Monday, August 18, 2008

Biometric Data Obtained by DHS Analysis Tool Exempt From Some Privacy Laws

Ben Bain writes on

People whose biographic or biometric data is being analyzed by a new Immigration and Customs Enforcement (ICE) data system will not automatically be granted access to their records or be able to review them for accuracy as usually permitted by federal privacy protection laws.

The Homeland Security Department has decided to exempt the Immigration and Customs Enforcement Pattern Analysis and Information Collection System (ICEPIC) -- which contains data culled from numerous DHS databases -- from several Privacy Act provisions that allow individuals to access their records. DHS, ICE’s parent organization, said in a final rule for the system published today in the Federal Register that the exemptions were necessary because of “criminal, civil, and administrative enforcement requirements."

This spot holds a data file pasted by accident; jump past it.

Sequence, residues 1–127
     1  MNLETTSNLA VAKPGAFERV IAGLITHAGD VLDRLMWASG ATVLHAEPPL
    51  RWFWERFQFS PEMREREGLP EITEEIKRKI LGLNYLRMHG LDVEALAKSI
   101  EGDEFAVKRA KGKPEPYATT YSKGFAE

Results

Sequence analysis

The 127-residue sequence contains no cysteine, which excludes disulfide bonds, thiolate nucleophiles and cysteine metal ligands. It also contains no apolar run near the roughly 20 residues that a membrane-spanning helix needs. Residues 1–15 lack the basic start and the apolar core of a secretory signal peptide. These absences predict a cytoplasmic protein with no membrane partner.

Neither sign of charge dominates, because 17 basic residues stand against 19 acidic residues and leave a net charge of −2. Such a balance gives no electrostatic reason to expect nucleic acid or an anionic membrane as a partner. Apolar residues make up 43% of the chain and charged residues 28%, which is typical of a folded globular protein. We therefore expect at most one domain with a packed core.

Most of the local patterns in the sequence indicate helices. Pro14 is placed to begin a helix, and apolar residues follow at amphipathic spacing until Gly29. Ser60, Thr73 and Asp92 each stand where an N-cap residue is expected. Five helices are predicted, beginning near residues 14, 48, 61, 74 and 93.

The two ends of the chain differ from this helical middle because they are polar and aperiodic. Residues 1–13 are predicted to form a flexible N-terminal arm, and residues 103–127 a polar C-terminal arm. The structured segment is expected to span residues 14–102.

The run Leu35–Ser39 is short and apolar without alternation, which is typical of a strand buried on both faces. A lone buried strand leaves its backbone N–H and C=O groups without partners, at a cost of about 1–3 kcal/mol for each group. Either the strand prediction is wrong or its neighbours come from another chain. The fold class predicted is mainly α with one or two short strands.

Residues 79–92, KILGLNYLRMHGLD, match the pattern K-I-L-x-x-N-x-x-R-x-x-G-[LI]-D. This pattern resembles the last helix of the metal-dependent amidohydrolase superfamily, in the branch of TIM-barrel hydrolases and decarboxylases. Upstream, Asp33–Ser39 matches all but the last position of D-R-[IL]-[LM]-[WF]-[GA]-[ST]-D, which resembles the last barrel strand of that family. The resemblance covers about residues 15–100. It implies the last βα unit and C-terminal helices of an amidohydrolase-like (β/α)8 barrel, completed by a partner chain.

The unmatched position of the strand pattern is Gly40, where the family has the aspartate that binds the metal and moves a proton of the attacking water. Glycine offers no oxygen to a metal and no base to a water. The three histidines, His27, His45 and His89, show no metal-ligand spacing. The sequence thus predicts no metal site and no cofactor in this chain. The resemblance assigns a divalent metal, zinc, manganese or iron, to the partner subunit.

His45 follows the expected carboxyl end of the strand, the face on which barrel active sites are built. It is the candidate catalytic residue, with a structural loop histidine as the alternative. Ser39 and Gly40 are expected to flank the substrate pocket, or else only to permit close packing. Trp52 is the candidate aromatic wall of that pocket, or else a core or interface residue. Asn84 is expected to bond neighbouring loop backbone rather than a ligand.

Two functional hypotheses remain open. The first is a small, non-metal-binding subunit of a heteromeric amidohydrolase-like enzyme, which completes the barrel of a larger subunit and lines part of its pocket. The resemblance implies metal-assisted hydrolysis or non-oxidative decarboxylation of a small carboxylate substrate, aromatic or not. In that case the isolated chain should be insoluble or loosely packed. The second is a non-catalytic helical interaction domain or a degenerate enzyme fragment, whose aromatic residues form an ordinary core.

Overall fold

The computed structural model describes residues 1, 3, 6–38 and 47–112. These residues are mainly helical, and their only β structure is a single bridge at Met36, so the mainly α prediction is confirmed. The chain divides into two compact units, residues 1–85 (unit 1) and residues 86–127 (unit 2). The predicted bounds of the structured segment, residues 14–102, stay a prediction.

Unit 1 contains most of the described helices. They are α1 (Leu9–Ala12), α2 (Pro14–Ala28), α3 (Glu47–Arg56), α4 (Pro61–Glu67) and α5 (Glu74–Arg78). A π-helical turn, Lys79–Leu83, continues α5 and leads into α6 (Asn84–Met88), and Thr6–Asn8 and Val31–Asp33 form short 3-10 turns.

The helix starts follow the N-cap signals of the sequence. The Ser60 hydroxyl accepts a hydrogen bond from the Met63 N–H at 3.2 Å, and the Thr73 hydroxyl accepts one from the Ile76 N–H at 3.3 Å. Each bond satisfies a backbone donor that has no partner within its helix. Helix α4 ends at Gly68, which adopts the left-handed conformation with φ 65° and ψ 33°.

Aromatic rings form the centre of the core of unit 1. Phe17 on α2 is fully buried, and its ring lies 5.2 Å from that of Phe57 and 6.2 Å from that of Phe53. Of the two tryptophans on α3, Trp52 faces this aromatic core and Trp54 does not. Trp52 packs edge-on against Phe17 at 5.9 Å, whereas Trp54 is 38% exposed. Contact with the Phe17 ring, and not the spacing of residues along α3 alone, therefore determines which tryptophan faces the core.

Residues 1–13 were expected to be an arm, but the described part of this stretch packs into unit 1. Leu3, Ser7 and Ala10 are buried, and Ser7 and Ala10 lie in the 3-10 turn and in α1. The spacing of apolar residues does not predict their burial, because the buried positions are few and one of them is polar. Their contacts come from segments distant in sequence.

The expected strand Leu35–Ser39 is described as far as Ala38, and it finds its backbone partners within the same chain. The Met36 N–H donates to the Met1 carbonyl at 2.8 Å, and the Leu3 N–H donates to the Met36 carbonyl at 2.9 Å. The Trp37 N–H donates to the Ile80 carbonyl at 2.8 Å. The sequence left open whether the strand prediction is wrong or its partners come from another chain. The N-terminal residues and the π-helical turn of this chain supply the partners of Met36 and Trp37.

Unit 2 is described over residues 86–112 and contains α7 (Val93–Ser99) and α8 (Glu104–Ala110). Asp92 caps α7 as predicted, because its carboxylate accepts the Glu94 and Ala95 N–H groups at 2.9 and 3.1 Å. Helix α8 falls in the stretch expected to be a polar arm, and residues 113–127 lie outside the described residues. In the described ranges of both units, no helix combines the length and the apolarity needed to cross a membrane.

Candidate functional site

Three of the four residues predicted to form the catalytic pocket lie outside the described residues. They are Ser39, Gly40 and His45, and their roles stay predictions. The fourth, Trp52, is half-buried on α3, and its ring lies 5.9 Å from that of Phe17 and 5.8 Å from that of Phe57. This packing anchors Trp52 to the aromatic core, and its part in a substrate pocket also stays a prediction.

Although ICEPIC is exempt from normal record access procedures, individuals can request access from ICE, which will review requests on a case-by-case basis, according to DHS.

The information contained by ICEPIC can include names, dates of birth, phone numbers, addresses, nationalities, fingerprints, photographs, a person's immigration history and alien registration information, according to DHS. Agents and analysts can also use commercial databases to verify or resolve any gaps in ICEPIC data.

More here.


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